The Oswego Public Library opened in 1857, one year before Boston's first purpose-built public library. While Boston's building is long gone, Oswego's "Castle on the Hill" continues to serve and is America's oldest public library still in its original building.
The first overdue notice ran that same year in an Oswego newspaper:
NOTICE.—Many valuable sets of books
belonging to the old Oswego Library, and also
to that of the Mechanics' Association, are broken
by missing volumes. Among the missing are...
hold these missing numbers, or any others be-
longing to the Libraries now consolidated in the
new "Oswego City Library," are respectfully re-
quested to return them, with the assurance that
no motive for their retention will be ascribed,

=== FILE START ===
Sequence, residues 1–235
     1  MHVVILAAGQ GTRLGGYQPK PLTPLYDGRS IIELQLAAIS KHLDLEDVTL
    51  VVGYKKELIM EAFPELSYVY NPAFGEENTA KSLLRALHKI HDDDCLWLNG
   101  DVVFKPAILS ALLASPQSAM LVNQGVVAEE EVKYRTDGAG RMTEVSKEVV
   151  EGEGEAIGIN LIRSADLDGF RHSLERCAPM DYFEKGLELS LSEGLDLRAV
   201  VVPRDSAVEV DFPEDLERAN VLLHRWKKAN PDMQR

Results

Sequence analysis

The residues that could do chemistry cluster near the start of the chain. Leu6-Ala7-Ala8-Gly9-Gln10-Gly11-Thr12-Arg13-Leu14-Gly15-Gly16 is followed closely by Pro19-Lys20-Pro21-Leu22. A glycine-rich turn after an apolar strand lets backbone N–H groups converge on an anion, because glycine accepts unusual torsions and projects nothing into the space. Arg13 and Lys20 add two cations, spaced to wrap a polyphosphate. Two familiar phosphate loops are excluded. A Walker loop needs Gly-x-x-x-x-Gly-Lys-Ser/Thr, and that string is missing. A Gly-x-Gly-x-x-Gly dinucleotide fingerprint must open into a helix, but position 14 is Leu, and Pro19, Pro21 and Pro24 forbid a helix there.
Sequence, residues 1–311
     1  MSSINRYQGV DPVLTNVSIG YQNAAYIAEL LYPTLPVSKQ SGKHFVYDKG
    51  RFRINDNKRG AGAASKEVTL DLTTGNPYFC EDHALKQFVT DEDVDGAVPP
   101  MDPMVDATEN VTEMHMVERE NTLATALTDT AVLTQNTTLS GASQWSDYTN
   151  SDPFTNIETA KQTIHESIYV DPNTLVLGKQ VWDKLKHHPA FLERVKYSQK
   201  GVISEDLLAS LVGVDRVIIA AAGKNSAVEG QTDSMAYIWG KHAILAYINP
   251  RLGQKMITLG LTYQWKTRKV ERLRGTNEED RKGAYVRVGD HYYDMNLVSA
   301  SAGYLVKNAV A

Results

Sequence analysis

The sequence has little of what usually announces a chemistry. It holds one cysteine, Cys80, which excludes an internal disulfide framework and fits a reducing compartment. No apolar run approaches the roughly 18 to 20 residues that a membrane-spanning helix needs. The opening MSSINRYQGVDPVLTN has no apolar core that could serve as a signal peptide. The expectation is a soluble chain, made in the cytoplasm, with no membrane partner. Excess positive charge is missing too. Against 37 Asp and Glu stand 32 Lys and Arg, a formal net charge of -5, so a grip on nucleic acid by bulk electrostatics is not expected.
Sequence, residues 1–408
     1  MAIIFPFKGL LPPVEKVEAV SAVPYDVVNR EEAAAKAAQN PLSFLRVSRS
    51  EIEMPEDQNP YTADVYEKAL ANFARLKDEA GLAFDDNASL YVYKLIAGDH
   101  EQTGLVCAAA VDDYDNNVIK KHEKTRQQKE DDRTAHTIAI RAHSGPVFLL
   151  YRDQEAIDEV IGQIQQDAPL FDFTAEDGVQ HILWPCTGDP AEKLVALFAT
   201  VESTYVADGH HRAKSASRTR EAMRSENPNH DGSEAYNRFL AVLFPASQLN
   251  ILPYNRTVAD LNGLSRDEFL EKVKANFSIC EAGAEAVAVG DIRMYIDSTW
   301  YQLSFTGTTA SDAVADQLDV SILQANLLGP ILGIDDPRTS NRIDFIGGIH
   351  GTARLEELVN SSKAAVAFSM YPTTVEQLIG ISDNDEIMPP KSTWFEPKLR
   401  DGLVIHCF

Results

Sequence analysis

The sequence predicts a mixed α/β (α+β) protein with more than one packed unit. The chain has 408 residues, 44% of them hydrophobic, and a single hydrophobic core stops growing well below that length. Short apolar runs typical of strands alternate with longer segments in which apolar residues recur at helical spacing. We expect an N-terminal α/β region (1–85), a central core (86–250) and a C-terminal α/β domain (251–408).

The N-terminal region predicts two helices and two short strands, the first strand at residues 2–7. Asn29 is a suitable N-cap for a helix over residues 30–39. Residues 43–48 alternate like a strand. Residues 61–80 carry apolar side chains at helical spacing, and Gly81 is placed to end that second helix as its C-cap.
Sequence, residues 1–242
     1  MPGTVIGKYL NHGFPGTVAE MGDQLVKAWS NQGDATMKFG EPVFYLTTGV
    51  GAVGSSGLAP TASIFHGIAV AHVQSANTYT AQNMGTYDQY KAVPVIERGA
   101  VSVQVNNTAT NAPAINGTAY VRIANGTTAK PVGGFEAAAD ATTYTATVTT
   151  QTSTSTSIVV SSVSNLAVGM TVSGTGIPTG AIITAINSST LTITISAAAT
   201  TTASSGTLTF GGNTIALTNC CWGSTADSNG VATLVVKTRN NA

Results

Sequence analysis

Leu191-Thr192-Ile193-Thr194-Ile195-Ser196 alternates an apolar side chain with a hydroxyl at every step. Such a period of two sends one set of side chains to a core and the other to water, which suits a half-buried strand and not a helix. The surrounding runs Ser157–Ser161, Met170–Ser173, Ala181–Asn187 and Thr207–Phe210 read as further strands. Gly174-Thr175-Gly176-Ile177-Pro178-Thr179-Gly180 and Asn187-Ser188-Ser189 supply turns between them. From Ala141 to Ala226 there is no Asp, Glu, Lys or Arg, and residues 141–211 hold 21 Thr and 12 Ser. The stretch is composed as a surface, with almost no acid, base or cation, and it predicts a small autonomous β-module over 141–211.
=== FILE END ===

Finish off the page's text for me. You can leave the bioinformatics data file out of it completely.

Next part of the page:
other than that oversight to which we are all
liable. C. HULL, Librarian.
Gerrit Smith, in an 1853 letter, promised to fund the Oswego Public Library with $25,000 for the building and books. This is the equivalent of $2,000,000 today and was Mr. Smith's largest philanthropic gift. Considered the richest man in the state, he was also a social reformer, three time U.S. Presidential candidate without ever campaigning, and an ardent Abolitionist. The tugboat play center in the Oswego Public Library Children’s Room is named in his honor.
From the opening of its doors there were no restrictions on usage because of race, gender, or social standing. Oswego Public Library patrons have always included African-Americans and prominent members of the local community. Early borrowing records confirm that several African-American families used the library during its first years. For example, Tudor E. Grant (a former slave then Oswego barber) and his son George Franklin Grant, 11-years-old when the library opened, are listed in the books.